Center for Grid Security

Center for Grid Security

Center for Grid Security

The nation’s power grid is at a crossroads – arguably in peril. As demands on the grid continue to grow the national electricity infrastructure is becoming less robust and reliable.

A reliable grid delivering abundant, affordable electricity is perhaps the most critical infrastructure needed for economic development and national security. In fact, the National Academy of Engineering ranked electrification the top engineering achievement of the 20th Century – ahead of automobiles, airplanes, and computers.

According to the Department of Energy, the U.S. must expand the electricity transmission system by 60% by 2030 to meet projected demand, which will be driven in large part by the mass adoption of electric vehicles (EVs). Yet more than 70% of the nation’s grid transmission lines and power transformers are over 25 years old. Power outages in the US are becoming more frequent and last longer.    Per the Energy Information Administration, the mix of power sources has diversified in recent decades away from fossil fuels but not risen in recent years to keep pace with demand.  As the world shifts to a decarbonized future a lack of adequate transmission jeopardizes America’s ability to bring power from wind and solar rich areas to population centers.

SAFE’s Center for Grid Security provides policy analysis and recommendations to reverse these troubling trends and build out the national electrical infrastructure.  More reliable and affordable power will be necessary to support the mass adoption of electric vehicles and enable America’s reindustrialization.

Our major goals include:

  • A national electric transmission grid that accommodates renewable resources to transmit MWhs from wind and solar rich areas to markets and load centers;
  • A resource generation mix that maintains adequate reserve margins and necessary fuel assurance and reliability to generate power to meet market demand as well as future load growth; and
  • A market structure that compensates generators for their performance in meeting peak demand.

The Center for Grid Security

  • Active engagement with Federal Energy Regulatory Commission (FERC), Department of Energy (DoE), and state commissions to support a reliable grid throughout the mid-transition to a net-zero carbon future;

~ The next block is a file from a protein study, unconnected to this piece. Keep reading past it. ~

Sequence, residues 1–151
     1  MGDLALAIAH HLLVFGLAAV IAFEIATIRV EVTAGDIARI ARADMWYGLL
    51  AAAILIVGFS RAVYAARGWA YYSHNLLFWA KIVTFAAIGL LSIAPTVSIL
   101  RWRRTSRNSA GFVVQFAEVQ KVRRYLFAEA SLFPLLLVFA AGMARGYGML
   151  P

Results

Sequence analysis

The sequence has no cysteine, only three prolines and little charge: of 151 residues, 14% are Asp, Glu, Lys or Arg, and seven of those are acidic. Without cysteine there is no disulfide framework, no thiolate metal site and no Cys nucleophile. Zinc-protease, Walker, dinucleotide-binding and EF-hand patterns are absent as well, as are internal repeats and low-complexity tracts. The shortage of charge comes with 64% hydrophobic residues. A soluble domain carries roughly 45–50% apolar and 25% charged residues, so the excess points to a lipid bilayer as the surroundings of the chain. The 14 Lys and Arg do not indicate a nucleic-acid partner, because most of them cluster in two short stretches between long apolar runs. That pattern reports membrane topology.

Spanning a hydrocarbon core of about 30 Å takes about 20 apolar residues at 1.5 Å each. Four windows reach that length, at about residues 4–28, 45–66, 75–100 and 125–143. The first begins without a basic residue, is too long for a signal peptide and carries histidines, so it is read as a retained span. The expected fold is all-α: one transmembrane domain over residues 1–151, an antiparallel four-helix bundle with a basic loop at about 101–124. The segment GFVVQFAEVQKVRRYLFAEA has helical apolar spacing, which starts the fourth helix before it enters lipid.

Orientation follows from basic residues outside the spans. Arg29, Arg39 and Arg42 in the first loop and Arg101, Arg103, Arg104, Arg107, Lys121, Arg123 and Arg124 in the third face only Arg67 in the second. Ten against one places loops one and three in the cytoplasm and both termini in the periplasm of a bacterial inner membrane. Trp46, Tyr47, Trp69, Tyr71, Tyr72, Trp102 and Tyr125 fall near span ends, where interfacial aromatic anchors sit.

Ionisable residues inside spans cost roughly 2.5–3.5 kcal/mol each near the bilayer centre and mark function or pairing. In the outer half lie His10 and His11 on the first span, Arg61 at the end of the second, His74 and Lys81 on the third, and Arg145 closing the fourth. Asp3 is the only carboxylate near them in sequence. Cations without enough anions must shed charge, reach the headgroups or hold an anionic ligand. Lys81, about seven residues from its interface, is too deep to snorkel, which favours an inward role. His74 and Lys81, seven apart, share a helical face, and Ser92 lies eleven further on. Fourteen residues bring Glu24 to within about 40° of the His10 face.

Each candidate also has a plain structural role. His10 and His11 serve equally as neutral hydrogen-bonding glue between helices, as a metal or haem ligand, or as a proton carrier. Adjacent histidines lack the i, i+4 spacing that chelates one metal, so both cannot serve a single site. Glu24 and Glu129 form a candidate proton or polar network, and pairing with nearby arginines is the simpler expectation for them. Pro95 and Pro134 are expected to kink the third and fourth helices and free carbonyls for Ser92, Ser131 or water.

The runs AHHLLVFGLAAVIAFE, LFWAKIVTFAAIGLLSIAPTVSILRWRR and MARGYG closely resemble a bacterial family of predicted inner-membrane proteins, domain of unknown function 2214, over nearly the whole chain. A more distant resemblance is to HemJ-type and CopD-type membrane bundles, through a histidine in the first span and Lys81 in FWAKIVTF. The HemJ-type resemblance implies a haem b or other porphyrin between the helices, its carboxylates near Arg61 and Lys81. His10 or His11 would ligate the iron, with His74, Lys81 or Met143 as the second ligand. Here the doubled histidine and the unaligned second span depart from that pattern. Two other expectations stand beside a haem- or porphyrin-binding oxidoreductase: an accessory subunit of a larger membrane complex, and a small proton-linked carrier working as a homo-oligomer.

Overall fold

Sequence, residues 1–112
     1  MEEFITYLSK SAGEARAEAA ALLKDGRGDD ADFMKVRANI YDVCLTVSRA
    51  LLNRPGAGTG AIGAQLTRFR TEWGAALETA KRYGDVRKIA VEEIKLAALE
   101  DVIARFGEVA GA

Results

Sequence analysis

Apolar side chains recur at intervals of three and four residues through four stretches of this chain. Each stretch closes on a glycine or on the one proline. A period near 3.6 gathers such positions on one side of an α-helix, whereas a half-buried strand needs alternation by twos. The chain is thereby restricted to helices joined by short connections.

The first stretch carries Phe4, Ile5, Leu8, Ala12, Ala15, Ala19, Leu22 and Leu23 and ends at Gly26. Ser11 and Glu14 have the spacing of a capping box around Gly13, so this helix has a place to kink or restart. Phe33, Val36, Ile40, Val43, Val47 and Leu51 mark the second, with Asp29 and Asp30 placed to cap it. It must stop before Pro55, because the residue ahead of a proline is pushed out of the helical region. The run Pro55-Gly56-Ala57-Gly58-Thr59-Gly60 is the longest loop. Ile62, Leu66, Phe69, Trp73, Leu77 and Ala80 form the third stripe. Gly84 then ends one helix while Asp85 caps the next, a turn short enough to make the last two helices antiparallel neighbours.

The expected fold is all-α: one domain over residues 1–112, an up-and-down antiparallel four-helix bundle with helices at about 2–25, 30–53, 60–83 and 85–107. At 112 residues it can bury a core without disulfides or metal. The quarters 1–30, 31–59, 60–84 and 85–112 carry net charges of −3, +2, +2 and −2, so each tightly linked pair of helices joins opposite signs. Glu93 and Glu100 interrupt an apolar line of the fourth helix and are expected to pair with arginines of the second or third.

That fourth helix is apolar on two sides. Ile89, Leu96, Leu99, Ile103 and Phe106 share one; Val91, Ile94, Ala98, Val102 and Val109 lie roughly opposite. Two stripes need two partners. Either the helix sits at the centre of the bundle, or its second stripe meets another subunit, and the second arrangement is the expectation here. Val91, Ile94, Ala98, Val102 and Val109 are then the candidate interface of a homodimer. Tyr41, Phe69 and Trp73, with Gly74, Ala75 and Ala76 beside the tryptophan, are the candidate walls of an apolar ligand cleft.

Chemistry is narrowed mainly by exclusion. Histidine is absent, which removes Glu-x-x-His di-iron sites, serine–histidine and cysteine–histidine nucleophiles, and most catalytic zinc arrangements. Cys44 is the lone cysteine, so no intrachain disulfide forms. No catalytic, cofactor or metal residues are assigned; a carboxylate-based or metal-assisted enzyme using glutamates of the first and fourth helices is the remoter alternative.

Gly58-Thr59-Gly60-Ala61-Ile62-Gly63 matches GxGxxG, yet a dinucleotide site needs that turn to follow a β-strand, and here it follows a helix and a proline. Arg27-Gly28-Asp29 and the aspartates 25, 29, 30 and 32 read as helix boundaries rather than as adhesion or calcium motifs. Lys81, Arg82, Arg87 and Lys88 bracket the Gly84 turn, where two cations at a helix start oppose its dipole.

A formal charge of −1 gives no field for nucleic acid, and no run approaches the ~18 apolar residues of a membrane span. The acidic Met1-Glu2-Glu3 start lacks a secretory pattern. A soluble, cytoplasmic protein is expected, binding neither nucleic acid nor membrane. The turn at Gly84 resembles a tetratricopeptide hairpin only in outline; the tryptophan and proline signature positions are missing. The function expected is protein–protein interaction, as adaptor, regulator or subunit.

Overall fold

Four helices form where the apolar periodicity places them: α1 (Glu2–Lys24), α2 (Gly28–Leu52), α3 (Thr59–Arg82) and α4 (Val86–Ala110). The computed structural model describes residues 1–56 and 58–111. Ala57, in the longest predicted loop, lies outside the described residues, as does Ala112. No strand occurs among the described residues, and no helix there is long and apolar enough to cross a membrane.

• Ardent support of market reforms to ensure resource adequacy and adequate compensation for generator performance and availability; and
  • Support for additional cyber and physical security standards to ensure a safe and reliable grid.

The Grid Security Project will publish a series of reports this year on different facets of America’s electrical infrastructure.  They collectively represent a call to action providing meaningful recommendations to address the threats to our national transmission system.

Meet Thomas Coleman

Thomas Coleman is an experienced leader and policy expert in the energy industry and power transmission grid.  Coleman comes to SAFE from the North American Electric Reliability Corporation (NERC) where, as the Chief Technical Advisor, he worked with industry and stakeholders to assess, report on, and provide system planning and policy recommendations to ensure the reliability of the North American Bulk Power System.

Coleman also led initiatives for the NERC Reliability Issues Steering Committee, identifying and providing solution sets for grid reliability and security risks as well as efforts around long term, short term and historical reliability assessments. Mr. Coleman joined NERC in 2014. Before joining NERC, Mr. Coleman traded power and natural gas commodities and directed long term origination at JP Morgan and Williams Energy. He holds a Bachelor of Science degree from the University of Florida and his MBA from Vanderbilt University.

Reports

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Issue Brief: Developing Electric Vehicle Battery Supply Chains for Inclusive and Sustainable Growth
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Unlocking 21st Century Mobility System: How to Rethink the Future of Mobility and Restore Leadership in Transportation Innovation
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SAFE Case Study Finds Electric, Shared Autonomous Vehicles (SAVs) Could Significantly Reduce Air and Noise Pollution in Cities